Prostate cancer kills around 30,000 men every year in the USA. As with every health condition, it’s always preferable to prevent rather than cure prostate cancer, but how can this be done and what’s the latest news on screening?
With prostate cancer such a common form of cancer in males in the US, it’s no surprise that focus has turned to trying to prevent as many cases as possible. Of course, it’s not always possible to prevent cancer, but it is often possible to increase the chances of diagnosing the disease at an early stage when treatments are much more likely to be effective.
There are many risk factors for prostate cancer, and if you are at risk of developing this form of cancer, it is wise to consider screening tests and preventative measures. You can learn more at www.prostatecancerdr.com or schedule an appointment with your doctor to go through some screening options. You may have a higher than average risk if you have family history of prostate cancer, for example, your father, brother or uncle suffered from prostate cancer, or you are aged over 50. More than 80 percent of cases of prostate cancer are diagnosed in men over the age of 65 years old.
Screening options and the latest news
There are various tests that can be used to screen for prostate cancer and determine if you have a higher than average risk of developing the disease. There is some debate surrounding prostate cancer screening, and in the US, it’s generally considered ineffective to screen healthy individuals. The United States Preventative Services Task Force (USPSTF) believes that the benefits of screening in this case don’t outweigh the negatives and their claims are based on research published in the BMJ Group journal. According to research, screening wouldn’t impact healthy men in a positive way, and it may even lead to men undergoing treatment unnecessarily.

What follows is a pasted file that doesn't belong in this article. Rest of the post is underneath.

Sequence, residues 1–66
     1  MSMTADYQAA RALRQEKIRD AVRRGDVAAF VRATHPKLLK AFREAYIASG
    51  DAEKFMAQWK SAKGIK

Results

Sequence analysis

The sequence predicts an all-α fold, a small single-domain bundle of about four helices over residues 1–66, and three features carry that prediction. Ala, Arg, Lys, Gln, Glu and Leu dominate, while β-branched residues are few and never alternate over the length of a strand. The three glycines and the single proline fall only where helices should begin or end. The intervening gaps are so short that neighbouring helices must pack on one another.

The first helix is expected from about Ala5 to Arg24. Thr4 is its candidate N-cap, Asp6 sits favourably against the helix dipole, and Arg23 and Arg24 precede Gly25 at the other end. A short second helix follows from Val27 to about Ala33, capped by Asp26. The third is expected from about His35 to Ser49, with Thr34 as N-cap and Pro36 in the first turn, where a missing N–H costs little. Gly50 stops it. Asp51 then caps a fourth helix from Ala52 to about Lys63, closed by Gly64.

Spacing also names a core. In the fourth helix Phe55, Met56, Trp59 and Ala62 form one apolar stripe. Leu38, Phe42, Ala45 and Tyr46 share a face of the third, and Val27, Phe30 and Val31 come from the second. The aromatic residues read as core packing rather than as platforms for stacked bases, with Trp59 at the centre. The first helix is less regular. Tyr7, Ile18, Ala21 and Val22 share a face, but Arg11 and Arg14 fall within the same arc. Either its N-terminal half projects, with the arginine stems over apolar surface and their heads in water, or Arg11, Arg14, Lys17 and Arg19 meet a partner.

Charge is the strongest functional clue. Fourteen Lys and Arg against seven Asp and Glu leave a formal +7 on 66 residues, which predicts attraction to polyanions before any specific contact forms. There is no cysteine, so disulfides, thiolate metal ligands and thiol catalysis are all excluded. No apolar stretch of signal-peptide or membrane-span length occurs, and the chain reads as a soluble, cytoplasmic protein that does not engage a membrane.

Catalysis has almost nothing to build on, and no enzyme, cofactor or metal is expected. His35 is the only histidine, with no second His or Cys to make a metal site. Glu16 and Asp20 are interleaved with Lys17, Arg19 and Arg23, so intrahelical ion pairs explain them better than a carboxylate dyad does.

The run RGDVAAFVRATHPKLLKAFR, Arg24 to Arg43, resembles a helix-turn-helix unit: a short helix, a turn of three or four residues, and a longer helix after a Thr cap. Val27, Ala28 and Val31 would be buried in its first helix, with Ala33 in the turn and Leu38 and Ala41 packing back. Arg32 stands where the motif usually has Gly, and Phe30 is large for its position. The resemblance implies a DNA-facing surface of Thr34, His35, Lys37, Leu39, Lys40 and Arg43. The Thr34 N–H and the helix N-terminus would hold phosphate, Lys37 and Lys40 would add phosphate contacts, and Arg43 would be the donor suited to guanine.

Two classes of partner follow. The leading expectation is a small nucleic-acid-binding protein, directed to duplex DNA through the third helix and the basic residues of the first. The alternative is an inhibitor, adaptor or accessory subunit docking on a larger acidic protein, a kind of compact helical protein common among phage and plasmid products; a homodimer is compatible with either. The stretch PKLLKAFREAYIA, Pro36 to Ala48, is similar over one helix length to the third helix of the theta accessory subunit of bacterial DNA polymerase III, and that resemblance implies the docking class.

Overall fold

In some cases, screening can be highly effective, especially when an individual has a high risk of developing prostate cancer, and annual checks may be recommended. Tests include digital rectal examinations, which are used to check for physical changes to the prostate gland and PSA tests. Elevated PSA (prostate-specific antigen) levels may be indicative of prostate cancer, but there is also a chance that PSA levels could be caused by benign conditions, such as benign prostatic hyperplasia. You can read more about PSA testing here https://www.cancer.gov/types/prostate/psa-fact-sheet.
If you are worried about prostate cancer or you’ve developed symptoms linked to this condition, such as urinating more frequently or feeling a sudden urge to urinate, the best advice is to see your doctor. These changes may be part of the aging process in men, and further tests can help to rule out anything more sinister.
Any doctor will tell you that prevention is better than cure. Prostate cancer screening is a controversial subject in the medical field due to the risks associated with testing and potentially treating healthy individuals. However, it is wise to be wary of the symptoms and signs of prostate cancer and to seek advice if you are worried about prostate cancer. Although there are pros and cons, screening can be incredibly beneficial in cases where a patient has early symptoms or their risk of developing the disease is higher than average.